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Helen Erickson

Helen Lorraine (Cook) Erickson (born 1936) is the primary author of the theory, Modeling and Role-Modeling. Her work, co-authored with Tomlin, E. and Swain, M.A., was derived from years of clinical practice, was first published in 1983 by Prentice Hall and later by the EST Company. In 2006 she edited a book that provides additional, in-depth information that describes relations among soul, spirit, and human form. This 522 page book contains chapters authored by several Modeling and Role-Modeling scholars. Three other books are in process.

A society for the advancement of Modeling and Role-Modeling was established in 1985 at the University of Michigan. The Society meets biannually and provides information regarding related research, publications, etc.

Erickson was married to Lance Erickson in 1957 in Clare, Michigan. Together they live in Cedar Park, Texas where she holds the title of Professor Emeritus, The University of Texas at Austin.wikipedia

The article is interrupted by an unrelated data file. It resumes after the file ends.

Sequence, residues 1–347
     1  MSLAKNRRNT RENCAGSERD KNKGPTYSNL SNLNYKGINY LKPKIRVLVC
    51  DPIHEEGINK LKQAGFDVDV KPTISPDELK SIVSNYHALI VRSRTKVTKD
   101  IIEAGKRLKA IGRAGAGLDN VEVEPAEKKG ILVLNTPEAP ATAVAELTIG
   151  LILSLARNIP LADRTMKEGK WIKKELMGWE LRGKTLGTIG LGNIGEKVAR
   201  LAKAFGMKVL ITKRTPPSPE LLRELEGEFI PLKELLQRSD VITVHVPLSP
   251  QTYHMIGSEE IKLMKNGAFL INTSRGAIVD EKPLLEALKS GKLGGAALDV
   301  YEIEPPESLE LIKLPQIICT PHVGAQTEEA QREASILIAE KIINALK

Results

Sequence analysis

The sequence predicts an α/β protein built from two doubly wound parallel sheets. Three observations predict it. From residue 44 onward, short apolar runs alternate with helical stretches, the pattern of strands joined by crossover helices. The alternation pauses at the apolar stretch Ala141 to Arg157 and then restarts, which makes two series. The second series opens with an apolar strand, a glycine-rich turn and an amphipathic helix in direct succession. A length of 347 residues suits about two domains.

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Nursing Theory

Nursing theory is the term given to the body of knowledge that is used to support nursing practice. In their professional education nurses will study a range of interconnected subjects which can be applied to the practice setting. This knowledge may be derived from experiential learning, from formal sources such as nursing research or from non-nursing sources. To speak of nursing theory is often difficult. Nursing is many things to many people. Most universally agreed upon is that Nursing is a science involving people, environment and process fueled by a vision of transcendence in the context of healthcare. It is interesting to note that 90% of all Nursing theories have been generated in the last 20 years. Many schools encourage students to formulate personal philosophies or mid-range theories of Nursing as part of their curriculum. Some might argue that this multiplicity of theory is detrimental to the practice and undermines common vision. Others would say that the nature of the young science is sufficiently far reaching to require such tactics to elicit true consensus.

Nursing models are conceptual models, constructed of theories and concepts. They are used to help nurses assess, plan, and implement patient care by providing a framework within which to work. They also help nurses achieve uniformity and seamless care.